St. Thomas physics instructor Mike Lynch ’94 never fully expected that a series of summer excursions would lead him to occupy a self-imposed academic island of sorts, never to be confused with the Bermuda or Barbados.
Lynch was first exposed and then inspired by an enlightening sequence of career development workshops at Columbia University which featured Modeling Instruction – Electricity and Magnetism in 2013, followed by Models of Light, and then a pair of special topic workshops each of the last two years, the most recent Modeling Instruction Leadership.
Lynch became enamored with the techniques, convinced the strategies would improve and deepen his own students’ understanding of crucial concepts. He then cultivated the skills to implement this student-centered, researched-informed, standards-based curricular. Even if the commitment meant embarking outside conventional teaching methods, leaving him somewhat isolated ‘on an island’ minus tradition network teaching support.
“Modeling equips students to become learners,” Lynch says. “I don’t look at my role to be a physics teacher but someone who can facilitate students taking ownership of their education and acquiring the tools to learn. This is guiding them to an understanding. Our AP physics scores represent how our students benefit from this technique, plus the ease in which our students transition to college courses where so many other students struggle. All of that is not a function of anything I’m doing but what I’m allowing them to do in the classroom.”
Lynch’s conviction morphed into motivation to spread the wealth of his discovery.
Partnering with St. Thomas faculty and administration, Lynch organized and orchestrated a two-week workshop on the St. Thomas campus, essentially the first of its kind in the Houston area, sensing a grassroots movement was primed to take off, and that no one was better qualified than teachers to provide support for other teachers.
“The workshop leaders expressed real gratitude for our facilities, and that this was the most involved group they had ever had,” Lynch says. “That’s a function of a long-standing interest in this training in the Houston area without the ability to carry this out. It’s personally gratifying to play a role in creating a greater curiosity for how science actually works.”
In traditional, lecture-based science classes, students are taught principles, asked to memorize formulae or mathematical equations, and then to plug in numbers and solve for the unknown on a test.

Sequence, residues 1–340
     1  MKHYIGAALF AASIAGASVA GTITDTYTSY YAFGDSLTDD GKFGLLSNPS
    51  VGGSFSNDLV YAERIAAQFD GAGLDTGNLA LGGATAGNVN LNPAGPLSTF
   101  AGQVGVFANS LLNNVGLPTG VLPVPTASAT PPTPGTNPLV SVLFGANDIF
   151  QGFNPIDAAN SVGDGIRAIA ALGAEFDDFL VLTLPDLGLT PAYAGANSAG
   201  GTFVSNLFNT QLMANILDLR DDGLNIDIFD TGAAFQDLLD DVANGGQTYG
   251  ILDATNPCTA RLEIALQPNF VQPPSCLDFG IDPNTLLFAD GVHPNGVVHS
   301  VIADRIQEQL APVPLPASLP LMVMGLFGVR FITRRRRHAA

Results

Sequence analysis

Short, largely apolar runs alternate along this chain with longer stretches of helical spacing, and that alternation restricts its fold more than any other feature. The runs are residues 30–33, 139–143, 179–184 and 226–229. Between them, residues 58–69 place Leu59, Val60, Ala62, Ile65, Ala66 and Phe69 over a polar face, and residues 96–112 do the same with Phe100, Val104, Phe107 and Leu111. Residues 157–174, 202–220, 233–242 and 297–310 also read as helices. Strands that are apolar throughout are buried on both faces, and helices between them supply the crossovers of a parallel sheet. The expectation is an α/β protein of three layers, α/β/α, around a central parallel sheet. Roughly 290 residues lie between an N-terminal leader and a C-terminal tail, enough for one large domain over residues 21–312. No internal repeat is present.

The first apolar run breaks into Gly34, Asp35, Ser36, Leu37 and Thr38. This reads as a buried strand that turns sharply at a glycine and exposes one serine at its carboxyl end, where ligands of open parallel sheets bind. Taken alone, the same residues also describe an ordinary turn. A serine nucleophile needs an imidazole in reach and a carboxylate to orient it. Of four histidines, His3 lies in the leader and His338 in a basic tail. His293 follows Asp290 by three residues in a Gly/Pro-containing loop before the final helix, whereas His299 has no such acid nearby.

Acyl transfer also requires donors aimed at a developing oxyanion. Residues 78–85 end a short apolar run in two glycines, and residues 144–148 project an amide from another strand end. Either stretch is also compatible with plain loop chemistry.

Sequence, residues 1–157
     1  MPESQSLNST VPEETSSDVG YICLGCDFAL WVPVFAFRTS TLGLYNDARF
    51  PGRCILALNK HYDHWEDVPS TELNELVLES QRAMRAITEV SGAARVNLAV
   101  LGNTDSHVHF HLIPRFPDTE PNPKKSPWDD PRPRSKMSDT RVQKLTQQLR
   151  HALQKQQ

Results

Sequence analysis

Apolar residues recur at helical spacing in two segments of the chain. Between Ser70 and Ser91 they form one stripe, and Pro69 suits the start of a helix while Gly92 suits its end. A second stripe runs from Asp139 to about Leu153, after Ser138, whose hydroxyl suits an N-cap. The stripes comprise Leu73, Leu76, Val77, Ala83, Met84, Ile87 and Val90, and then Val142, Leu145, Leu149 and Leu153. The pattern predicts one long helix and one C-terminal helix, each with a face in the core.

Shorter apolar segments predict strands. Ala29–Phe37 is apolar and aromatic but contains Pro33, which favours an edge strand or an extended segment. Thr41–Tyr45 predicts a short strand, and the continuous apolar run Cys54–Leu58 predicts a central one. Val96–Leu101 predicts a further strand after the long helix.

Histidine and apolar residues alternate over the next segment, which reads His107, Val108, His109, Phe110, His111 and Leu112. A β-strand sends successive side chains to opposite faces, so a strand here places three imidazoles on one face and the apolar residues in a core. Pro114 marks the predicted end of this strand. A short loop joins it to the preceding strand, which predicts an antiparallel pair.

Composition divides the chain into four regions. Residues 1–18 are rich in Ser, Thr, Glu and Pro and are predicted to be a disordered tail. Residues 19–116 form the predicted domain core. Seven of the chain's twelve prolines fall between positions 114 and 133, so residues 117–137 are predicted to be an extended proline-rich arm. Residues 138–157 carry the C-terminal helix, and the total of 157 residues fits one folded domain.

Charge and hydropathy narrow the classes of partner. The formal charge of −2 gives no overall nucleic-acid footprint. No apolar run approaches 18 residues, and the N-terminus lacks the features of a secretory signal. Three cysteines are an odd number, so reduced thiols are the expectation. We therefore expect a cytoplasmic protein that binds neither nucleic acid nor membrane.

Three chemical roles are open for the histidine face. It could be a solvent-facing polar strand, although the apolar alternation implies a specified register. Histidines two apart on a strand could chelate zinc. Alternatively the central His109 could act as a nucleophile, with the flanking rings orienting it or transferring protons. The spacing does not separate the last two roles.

With modeling instruction, student groups carry out paradigm experiments in which they collect their own data, aligning participation in the classroom more closely to what actual scientists and researchers do in the field. Students work collectively to represent their findings in a variety of ways, and to find a “model” that will summarize and explain the results.
St. Thomas science faculty member Claire Conboy, PhD acknowledges that “in teaching science, we can take a lot of knowledge and understanding for granted. Everything we know today was gained through observations which led to conclusions. Because of the volume of information, students can flash answers without gaining the benefit of drawing those conclusions themselves. This pedagogy strategy allows students to do the experiments and then learn from their own experience.”
Conboy joined St. Thomas Science Dean Pete Nordloh, PhD and science faculty member Sean O’Neill ’00 among the 35 teachers-turned-students participating in this summer’s cohort.
During the workshop, some cooperative teams would propel toy cars across a laboratory table to model the relationship between distance and speed, while others measured the density of solids or minerals, and then developed diagrams to help explain their findings. More than a dozen private, public, and charter schools were represented, including Duchesne Academy of the Sacred Heart and Tomball Concordia Lutheran, along with others from Houston ISD, Clear Creek ISD, and Cypress-Fairbanks ISD.
‘These were teachers waiting for this exposure and didn’t previously have the forum or opportunity,” Lynch says. “I applaud all who embraced an alternative way to reach students, and invested discretionary summer time to learn and push outside their comfort zone.”
In 2015 Lynch was confident enough to convert his entire physics curriculum to inquiry based science practices and approached O’Neill to gauge his interest in following the form.
“Mike was honest. He said the move would require some major adjustments at first because it’s not what you are accustomed to,” O’Neill admits. “But I love this approach to teaching – putting the impetus on students to engage each other and show understanding, rather than generating test answers without displaying any real command or application of the material. These two weeks in the workshop have really fortified that feeling.”
Debra Hill has been with Cy-Fair ISD since 1995 and the secondary science coordinator within the Instructional Support Center since 2011.
She accompanied eight faculty members from her district, recognizing that the true value of modeling is empowering students “for critical thinking in approaching the world. The essential skill from students emerging from science programs is the ability to analyse and manage data, make meaning of the data, and then manipulating those representations in a creative way. That provides an adaptability to solve problems we don’t even know exist yet.”
Hill believes the advantage of modeling is measured across diverse high school student populations, and is perhaps even “more critical for students without the necessary background knowledge. Disadvantaged students who may not have thinking patterns in place often times struggle. Modeling is very specific in building the connections within brains and raising the overall capacity for cognitive skills.”
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